If you could extrapolate the infinite decimal (impossible in a finite universe) you could describe a perfect circle in numerical terms. You cannot do so with pencil, atoms, or pixels.

Edited by karmakazi

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You do realise to get the maths to match the measurements scientists have to introduce margins of error?

That should tell you something why maths doesn't refute materialism. Maths doesn't translate to the material world 1 for 1.
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How does idealizing tolerably round objects as circles imply that anything exists besides material objects? Slowly, this time, and please show your work.

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Posted (edited)

My view point on the existence of a material universe versus a spiritual one, or metaphysical universe, etc... whatever... Boils down to my views on my own religion. For me, things have to be practical. For it to be useful, I need to see an effect on the world around me. Results. God, heaven, hell... these concepts have no effect on my life, they may have one on my afterlife, I dunno yet. Karma, Rebirth, Enlightenment, Nirvana... None of these things require belief in then them. The Eightfold Path is dependent upon our physical actions in a material exsistance. Science has examined the effects of meditation upon the human brain for instance. There is a physical reason for the way meditation makes us feel in this material existance. An understanding of Anatta, a practical understanding... a materialist understanding, if you will, deals with the impermanence of the notion of Self, not necesarily "No Self or Not Self". that doesn't mean that there is no self. The concept deals with the fact that exactly what the self is is difficult to pin down at best and is determined by constantly changing factors based upon how we conduct ourselves and how we and others percieve the way we conduct ourselves in this "material existance". It's an impermanent concept, thus there's nothing to become attached to. If there is a spiritual side at work here, Karma, Rebirth, etc... these things are based upon our actions in this "material existance." regardless of if we can percieve these things or not. They are natural results of our actions in this physical existance. Belief in the metaphysical, spiritual, etc... is irrelevent imho.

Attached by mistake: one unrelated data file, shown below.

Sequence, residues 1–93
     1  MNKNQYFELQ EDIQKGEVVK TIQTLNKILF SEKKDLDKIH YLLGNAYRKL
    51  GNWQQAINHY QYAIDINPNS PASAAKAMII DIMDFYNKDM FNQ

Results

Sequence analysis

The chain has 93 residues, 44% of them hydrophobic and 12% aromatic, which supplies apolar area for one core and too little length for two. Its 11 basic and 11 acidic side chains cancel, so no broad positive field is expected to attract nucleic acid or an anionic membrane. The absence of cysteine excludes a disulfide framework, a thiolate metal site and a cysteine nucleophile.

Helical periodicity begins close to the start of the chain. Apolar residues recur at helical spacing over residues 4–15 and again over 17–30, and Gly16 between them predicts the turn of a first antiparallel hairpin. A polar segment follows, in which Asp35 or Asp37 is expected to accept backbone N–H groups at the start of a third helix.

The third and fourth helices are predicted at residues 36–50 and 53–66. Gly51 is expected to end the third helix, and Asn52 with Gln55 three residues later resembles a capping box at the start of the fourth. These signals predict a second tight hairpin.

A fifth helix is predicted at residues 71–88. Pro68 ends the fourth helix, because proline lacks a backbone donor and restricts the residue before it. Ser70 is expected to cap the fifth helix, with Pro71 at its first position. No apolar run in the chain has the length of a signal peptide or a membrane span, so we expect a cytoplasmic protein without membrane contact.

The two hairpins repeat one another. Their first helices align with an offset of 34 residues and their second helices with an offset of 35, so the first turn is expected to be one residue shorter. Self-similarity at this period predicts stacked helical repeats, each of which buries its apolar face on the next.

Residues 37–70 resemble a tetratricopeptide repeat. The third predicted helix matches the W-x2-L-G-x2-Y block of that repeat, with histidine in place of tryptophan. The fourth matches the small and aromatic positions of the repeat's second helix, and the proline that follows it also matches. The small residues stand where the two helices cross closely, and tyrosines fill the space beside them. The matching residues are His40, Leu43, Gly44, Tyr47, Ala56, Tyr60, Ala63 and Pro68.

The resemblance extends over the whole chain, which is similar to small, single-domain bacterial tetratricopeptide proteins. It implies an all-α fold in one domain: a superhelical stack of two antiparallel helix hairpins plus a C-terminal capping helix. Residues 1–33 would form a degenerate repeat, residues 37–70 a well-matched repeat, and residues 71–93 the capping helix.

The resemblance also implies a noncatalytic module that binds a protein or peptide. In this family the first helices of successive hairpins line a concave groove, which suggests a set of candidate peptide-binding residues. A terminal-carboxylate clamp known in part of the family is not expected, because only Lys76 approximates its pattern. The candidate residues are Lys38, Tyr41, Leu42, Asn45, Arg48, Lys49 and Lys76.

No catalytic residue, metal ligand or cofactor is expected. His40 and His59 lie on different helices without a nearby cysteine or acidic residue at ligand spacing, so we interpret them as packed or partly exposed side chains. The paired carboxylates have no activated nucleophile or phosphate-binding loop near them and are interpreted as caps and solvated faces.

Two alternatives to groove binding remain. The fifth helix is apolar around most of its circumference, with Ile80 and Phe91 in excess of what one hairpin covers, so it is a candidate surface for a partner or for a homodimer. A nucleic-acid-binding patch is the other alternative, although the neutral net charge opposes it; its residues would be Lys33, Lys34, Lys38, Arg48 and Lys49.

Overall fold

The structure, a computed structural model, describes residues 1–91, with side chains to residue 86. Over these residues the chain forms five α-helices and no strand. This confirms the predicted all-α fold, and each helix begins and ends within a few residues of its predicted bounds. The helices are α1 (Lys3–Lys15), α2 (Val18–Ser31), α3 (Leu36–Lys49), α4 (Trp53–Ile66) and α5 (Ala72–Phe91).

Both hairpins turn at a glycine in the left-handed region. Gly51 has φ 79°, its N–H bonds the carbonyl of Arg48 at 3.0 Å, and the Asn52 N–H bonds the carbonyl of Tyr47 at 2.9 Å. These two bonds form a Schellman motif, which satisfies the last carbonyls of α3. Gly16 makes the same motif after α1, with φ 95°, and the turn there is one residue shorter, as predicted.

Good to be back.

edit- spelling, etc.. I'm sure there are plenty more errors I didn't catch as well. lol

Edited by Mr. Miyagi

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How does idealizing tolerably round objects as circles imply that anything exists besides material objects? Slowly, this time, and please show your work.

Is this directed at me? I wasn't suggesting that it did.

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BTW materialism accepts that immaterial concepts exist as being derived from the material world. I'm not seeing how maths is an exception.

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It's much more simple than that. Quite obviously Byronic matter ceases to exist upon the boundary of the big bang. whatever process leading up th that is not at all material as we understand it to be. Aside from that, the most fundamental processes In QM are outside of space and time, and therefore fundamental reality cannot possibly be of a materialistic nature.

This is reductionism, however, divinity is going to be a ultra macro concept. Reductionism is not capable of discovering or discussing macro concepts. This is why I think LHC will fail to discover the graviton. I think gravity is a larger universal macro concept. And adding together of things with exponential potential. The other forces have additive potential while gravity has exponential. The casameer affect on a large scale is a potential culprate.